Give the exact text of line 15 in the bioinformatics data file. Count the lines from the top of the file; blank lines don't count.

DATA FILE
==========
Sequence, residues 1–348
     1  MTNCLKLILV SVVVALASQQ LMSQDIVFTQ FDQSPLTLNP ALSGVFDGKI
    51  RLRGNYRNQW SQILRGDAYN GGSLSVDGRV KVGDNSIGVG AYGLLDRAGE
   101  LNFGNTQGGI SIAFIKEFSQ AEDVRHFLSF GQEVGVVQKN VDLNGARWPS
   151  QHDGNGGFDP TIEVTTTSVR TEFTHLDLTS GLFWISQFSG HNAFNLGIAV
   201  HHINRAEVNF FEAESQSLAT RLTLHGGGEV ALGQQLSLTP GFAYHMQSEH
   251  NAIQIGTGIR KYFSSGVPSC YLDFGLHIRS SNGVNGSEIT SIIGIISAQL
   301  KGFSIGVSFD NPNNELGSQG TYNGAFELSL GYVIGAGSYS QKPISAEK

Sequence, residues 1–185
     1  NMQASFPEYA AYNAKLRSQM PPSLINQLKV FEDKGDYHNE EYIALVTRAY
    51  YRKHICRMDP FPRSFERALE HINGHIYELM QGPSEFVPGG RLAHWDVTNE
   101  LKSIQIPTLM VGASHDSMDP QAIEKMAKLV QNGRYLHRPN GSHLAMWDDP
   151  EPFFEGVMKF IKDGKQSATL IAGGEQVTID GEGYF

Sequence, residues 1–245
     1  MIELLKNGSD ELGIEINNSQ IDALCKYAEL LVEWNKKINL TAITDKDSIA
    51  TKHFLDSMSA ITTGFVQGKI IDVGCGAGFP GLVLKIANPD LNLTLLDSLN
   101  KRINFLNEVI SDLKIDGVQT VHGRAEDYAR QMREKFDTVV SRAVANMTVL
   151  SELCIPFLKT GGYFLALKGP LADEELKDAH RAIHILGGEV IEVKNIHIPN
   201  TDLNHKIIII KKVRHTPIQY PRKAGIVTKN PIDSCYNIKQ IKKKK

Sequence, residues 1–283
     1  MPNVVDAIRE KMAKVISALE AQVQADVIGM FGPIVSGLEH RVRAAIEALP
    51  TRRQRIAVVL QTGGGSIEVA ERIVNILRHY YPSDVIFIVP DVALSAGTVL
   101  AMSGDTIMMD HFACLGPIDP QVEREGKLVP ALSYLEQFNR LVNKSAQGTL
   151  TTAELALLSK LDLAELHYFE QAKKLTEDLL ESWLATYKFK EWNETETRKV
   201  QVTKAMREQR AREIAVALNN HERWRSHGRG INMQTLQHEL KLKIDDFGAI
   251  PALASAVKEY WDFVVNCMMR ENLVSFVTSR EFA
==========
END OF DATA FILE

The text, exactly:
     1  MIELLKNGSD ELGIEINNSQ IDALCKYAEL LVEWNKKINL TAITDKDSIA